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When You Dial 911, Can Help Find You?

 
 
Jer
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      05-24-2005
Ivor Jones wrote:
> "Rick Merrill" <(E-Mail Removed)> wrote in message
> news:(E-Mail Removed)...
>
>>Jer wrote:
>>
>>
>>>ptw wrote:
>>>
>>>
>>>>Jer wrote:
>>>>
>>>>
>>>>>Having a sister who's an operator, this is easy for me to answer...
>>>>>in this situation, forget 911, dial "0", when the operator answers,
>>>>>explain that you have an emergency and need to speak to law
>>>>>enforcement for medical assistance in your mother's location. They
>>>>>will make every attempt to connect you to the appropriate authority
>>>>>and will stay on the line until that happens. Operators have been
>>>>>providing this level of service for many years and are glad to help
>>>>>any way they can under these circumstances.
>>>>>
>>>>
>>>>How do you do that with a cell phone and/or VoIP phone?
>>>
>>>
>>>
>>>I dial "0" from cell phones regularly for call assistance. I am
>>>clueless about VoIP phones.
>>>

>>
>>VoIP phones have NO "opearator" to call. (You get a recording.)

>
>
> On Sipgate you don't get anything. Here in the UK the number for the
> operator is 100 not 0 - all phone numbers start with 0 so dialling 0 means
> the system is just waiting for the rest of the number. Sipgate uses 10000
> for a test number so dialling 100 won't get you anywhere either..!
>
> Ivor


Why wouldn't dialing 100 get me anywhere? Don't they do interdigit
timing like all the telcos do?


--
jer
email reply - I am not a 'ten'
 
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Ivor Jones
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      05-24-2005

"Jer" <(E-Mail Removed)> wrote in message
news:(E-Mail Removed)...
> Ivor Jones wrote:


[snip]

>> On Sipgate you don't get anything. Here in the UK the number for the
>> operator is 100 not 0 - all phone numbers start with 0 so dialling 0
>> means the system is just waiting for the rest of the number. Sipgate
>> uses 10000 for a test number so dialling 100 won't get you anywhere
>> either..!
>>
>> Ivor

>
> Why wouldn't dialing 100 get me anywhere? Don't they do interdigit
> timing like all the telcos do?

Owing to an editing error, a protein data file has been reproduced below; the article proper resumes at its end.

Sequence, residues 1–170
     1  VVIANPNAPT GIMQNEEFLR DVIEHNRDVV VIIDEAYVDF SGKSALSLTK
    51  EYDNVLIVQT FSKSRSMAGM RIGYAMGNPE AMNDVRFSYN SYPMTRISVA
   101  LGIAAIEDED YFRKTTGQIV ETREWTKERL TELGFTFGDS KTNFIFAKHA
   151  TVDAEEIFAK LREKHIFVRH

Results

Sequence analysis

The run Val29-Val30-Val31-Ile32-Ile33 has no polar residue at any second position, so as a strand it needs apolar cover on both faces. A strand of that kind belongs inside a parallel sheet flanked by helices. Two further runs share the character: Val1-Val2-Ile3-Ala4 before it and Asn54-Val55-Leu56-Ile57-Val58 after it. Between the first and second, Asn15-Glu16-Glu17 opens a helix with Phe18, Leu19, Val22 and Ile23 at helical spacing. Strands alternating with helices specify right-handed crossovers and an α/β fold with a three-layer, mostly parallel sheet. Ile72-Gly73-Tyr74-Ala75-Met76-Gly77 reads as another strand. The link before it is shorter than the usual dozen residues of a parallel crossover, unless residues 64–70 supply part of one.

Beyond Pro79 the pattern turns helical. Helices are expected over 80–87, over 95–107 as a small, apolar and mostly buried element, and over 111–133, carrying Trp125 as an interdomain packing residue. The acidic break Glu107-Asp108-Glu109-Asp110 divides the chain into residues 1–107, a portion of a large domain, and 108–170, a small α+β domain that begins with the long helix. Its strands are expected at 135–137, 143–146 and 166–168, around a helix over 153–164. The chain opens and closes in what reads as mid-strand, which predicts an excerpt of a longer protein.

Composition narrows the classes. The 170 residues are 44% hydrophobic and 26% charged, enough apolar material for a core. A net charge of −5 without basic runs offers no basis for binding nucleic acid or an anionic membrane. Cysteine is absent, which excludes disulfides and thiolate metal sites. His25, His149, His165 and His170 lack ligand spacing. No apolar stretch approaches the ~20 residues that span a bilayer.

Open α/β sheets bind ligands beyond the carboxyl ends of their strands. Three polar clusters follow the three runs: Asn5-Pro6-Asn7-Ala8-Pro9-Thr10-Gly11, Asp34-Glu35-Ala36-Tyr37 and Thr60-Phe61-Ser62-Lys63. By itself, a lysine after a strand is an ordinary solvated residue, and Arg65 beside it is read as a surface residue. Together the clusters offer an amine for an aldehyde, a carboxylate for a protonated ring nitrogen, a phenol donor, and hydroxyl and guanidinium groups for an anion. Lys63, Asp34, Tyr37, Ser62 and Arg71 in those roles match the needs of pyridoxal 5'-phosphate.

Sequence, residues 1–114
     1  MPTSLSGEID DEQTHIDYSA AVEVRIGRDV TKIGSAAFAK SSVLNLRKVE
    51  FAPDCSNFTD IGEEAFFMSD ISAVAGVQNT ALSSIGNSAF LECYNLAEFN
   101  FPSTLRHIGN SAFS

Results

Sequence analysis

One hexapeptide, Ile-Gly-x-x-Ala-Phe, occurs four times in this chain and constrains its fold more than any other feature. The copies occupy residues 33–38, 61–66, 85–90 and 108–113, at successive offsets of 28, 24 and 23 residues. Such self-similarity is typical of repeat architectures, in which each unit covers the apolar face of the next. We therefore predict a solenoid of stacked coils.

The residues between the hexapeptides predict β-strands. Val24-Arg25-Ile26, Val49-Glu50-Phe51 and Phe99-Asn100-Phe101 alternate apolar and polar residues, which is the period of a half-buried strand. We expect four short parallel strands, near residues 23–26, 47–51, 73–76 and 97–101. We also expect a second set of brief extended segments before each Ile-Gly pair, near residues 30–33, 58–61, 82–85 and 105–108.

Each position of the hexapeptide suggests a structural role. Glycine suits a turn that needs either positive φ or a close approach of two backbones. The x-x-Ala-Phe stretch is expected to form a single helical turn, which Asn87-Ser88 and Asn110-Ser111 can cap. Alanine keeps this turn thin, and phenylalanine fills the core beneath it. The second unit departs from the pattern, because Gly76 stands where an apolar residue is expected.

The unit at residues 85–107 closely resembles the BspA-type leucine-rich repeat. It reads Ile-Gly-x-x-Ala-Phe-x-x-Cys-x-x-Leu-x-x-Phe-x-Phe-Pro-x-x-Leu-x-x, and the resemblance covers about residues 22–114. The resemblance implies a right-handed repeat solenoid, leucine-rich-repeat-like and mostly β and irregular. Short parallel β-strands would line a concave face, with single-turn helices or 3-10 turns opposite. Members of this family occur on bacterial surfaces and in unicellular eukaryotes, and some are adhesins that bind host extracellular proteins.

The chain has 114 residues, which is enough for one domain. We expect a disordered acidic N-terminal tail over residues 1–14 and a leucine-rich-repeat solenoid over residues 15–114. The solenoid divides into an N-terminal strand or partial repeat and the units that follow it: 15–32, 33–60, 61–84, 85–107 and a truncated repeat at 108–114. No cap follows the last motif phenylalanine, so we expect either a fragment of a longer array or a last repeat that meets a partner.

Possibly, if anything was allocated to 100, but it isn't..!

Ivor


 
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David L
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      05-25-2005
Infone is great!
I highly recommend Infone. It's more like a concierge service with all
the extras they provide and cheaper than VZW's pathetic info service,
that has failed me a couple of times, when I needed it most. Wrong
number and couldn't find the right city

The Infone operater will stick with you until every lookup possibilty
is exhausted.

They also give directions and a bunch of other included services.
They spend, IIRC, up to 15 minutes helping to find the correct
number/info.

The only hassle is setting up credit card billing, since they operate
outside your carrier's billing system. But it's worth the one time
setup inconvenience. They use to offer 5 free lookups. I got 10 but
that's no longer available.

Ther's also an Infone 800 CS number that doesn't cost if you need to
work out a billing problem.

-
David

 
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Earl F. Parrish
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      05-27-2005

"Carey Gregory" <(E-Mail Removed)> wrote in message
news:(E-Mail Removed)...
> Jer <(E-Mail Removed)> wrote:
>
>>I'm also now wondering who's going to take the hit for hotels when
>>a
>>tenant plugs their internet phone into the wall jack. The
>>hi-speed
>>internet service at some hotels requires the tenant to
>>occasionally
>>re-certify their in-room internet service via an auth code
>>provided by
>>the front desk when necessary. And it's not always free.

>
> So what? The technical issues of mapping a hotel connection to
> the hotel
> and room number are trivial compared to, say, determining a cell
> phone's
> location. Internet cafes, libraries, and all sorts of public
> access points
> will have the same issue. I guess they'll either have to figure
> it out or
> quit providing VoIP to those locations.
>
> VoIP providers got into the business of providing public telephone
> service,
> but they didn't bother providing the whole package and you see the
> results.
> It's easy to undercut the other guys when you're allowed to skip
> the hard
> parts. Well, now they can't, and it's about time. All the FCC is
> saying is
> they have to quit being half-baked telephone companies and become
> real ones.
>


Don't you think that if someone keeled over in a library, a regular
landline will be available? When you are in a public place, you do
not have the only telephone around. If I have an emergency in a
hotel, I am going to use the house phone even if it costs $5.00 to
make a call.

--
Earl F. Parrish


 
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